“It is with profound gratitude to our ancestors, ATUA and spiritual teachers that we have survived to (help) tell the tale.” — Caroline Sinavaiana and J. Kehaulani Kauanui, WOMEN WRITING OCEANIA (2008)
Across the oceanic Pacific, indigenous women have played important roles in movements for political sovereignty from colonial powers, personal autonomy for women’s rights, and have also been quite active in the production of literary arts. The intersection of the two is often seen in the central themes expressed in most indigenous women”s writing—issues of land, family, sexual and national/political oppression.
This course will explore major works of multi-genre Maoli (Indigenous) Pacific Women’s literature from the early nineteenth century to the present within historical and interpretive contexts. Texts will be primarily written in or translated into English. We will examine how colonial resistance surfaced in Pacific literary art forms, especially through the traditional genres of poetry (through chant, song, and genealogy), mo‘olelo or hi/story (oral and written) and dance (choreographed poetry, or poetry in motion), and how that changed under the influence of western forms of literacy (i.e. reading and writing) in the early 1800s.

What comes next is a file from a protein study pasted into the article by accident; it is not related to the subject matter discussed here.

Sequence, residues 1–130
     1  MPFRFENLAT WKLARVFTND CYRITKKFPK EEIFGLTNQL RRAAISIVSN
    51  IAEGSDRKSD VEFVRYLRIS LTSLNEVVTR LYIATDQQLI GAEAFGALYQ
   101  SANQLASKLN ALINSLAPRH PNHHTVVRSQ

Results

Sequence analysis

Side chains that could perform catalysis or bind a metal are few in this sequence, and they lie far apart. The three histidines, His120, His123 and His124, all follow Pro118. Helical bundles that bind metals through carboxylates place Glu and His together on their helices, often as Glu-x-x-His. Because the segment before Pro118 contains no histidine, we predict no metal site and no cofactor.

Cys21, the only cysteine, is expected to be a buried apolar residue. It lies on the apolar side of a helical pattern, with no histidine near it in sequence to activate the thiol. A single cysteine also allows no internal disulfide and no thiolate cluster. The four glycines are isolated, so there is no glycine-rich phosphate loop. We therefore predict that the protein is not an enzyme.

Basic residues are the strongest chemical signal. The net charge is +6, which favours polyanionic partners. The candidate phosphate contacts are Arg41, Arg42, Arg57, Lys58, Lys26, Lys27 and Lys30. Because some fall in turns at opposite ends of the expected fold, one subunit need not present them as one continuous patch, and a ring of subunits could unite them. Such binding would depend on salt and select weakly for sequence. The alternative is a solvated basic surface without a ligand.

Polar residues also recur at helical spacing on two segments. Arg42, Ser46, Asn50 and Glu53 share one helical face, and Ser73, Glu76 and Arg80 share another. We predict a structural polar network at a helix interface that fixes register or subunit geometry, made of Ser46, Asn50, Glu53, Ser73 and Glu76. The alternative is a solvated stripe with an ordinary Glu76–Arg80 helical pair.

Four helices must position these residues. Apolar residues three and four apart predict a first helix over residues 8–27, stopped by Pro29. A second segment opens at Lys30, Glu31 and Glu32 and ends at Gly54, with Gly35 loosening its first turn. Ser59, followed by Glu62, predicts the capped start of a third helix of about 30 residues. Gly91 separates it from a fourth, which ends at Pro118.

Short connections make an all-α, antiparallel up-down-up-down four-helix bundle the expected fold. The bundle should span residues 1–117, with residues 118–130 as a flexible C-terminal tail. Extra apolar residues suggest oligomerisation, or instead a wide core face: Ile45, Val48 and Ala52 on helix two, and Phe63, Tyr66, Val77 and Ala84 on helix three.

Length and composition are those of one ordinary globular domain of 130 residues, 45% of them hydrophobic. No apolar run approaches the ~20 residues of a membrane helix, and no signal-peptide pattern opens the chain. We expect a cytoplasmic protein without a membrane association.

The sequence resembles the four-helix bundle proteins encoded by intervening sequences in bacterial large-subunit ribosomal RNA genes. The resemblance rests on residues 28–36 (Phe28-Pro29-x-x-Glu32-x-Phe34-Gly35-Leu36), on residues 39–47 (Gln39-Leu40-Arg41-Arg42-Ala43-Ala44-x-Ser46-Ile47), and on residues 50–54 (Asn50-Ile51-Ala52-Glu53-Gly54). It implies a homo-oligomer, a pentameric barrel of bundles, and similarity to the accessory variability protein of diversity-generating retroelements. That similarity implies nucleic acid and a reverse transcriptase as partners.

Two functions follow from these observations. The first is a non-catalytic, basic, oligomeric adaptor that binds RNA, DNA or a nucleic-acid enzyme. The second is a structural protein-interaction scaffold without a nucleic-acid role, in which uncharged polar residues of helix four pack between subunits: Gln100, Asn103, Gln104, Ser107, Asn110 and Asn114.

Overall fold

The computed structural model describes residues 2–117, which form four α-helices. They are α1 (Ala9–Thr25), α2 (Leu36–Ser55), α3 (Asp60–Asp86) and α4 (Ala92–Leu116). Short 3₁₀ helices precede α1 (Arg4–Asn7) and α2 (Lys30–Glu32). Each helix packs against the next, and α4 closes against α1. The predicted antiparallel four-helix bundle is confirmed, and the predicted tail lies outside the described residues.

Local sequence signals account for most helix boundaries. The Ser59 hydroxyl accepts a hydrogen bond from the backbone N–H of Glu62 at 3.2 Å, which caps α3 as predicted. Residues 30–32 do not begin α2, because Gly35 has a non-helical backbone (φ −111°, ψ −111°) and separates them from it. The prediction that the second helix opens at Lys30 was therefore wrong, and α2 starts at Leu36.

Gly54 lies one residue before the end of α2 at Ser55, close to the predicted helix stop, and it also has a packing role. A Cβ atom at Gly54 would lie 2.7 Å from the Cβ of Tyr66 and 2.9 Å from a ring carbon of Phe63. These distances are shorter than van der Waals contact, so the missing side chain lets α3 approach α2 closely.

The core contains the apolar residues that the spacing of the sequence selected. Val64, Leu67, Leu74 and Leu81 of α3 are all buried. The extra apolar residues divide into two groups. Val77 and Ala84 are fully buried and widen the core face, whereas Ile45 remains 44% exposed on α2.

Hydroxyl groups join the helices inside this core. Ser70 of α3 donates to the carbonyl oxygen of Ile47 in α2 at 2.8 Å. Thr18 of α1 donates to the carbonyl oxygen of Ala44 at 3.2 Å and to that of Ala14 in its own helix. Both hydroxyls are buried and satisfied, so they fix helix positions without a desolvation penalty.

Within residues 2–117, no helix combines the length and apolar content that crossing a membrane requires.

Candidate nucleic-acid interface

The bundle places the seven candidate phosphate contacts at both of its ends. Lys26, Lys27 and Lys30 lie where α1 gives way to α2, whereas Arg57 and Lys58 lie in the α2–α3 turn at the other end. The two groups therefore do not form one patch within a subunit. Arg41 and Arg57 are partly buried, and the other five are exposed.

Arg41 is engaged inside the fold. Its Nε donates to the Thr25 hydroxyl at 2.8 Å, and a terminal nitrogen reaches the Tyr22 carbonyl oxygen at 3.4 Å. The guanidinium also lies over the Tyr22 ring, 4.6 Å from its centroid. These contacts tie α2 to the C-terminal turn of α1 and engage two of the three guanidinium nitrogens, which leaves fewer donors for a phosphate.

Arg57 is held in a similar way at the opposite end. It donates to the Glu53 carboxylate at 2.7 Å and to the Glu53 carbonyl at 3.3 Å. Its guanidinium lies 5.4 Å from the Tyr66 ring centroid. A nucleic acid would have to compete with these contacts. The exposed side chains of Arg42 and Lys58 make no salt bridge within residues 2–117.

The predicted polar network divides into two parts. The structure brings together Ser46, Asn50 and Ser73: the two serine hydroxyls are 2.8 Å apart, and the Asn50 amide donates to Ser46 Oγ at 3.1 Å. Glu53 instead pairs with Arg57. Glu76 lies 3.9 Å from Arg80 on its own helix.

We will look at the transition from oral tradition to written literature, as well as the shift from indigenous languages to colonial ones (primarily English), paying attention to both the interplay between these factors. We will then turn to contemporary literature and examine how social/political history has shaped and influenced these modern works, and how it is reflected in them as well. These texts will be multimedia and include poetry, drama, short stories, non-fiction, songs, chants, audio CD, and video/DVD.
Some questions we will examine include: What are common themes (are there?) in Pacific Maoli Women’s writing? What are the contributing factors to Maoli women focusing on these themes? Are they similar to or different from Maoli men’s writing? Indigenous women’s writing from other parts of the world? How does Maoli women’s writing differ from western, colonial, or “mainstream” women’s writing? How does Maoli women’s writing exemplify feminism? How is it, according to indigenous Pacific women writers, a different kind of feminism from mainstream feminism?
- familiarizing students with a substantial range of literary work by Maoli women writers in the Pacific over a period of approximately 150 years, and reading these texts as cultural, political, and historical productions as well as literary texts
- identifying and applying indigenous and other critical theories to the reading of these texts
- developing more complex understandings of the dynamics of cultural translation between the practices and aesthetic concerns of
- Pacific literature in conversation with other literatures.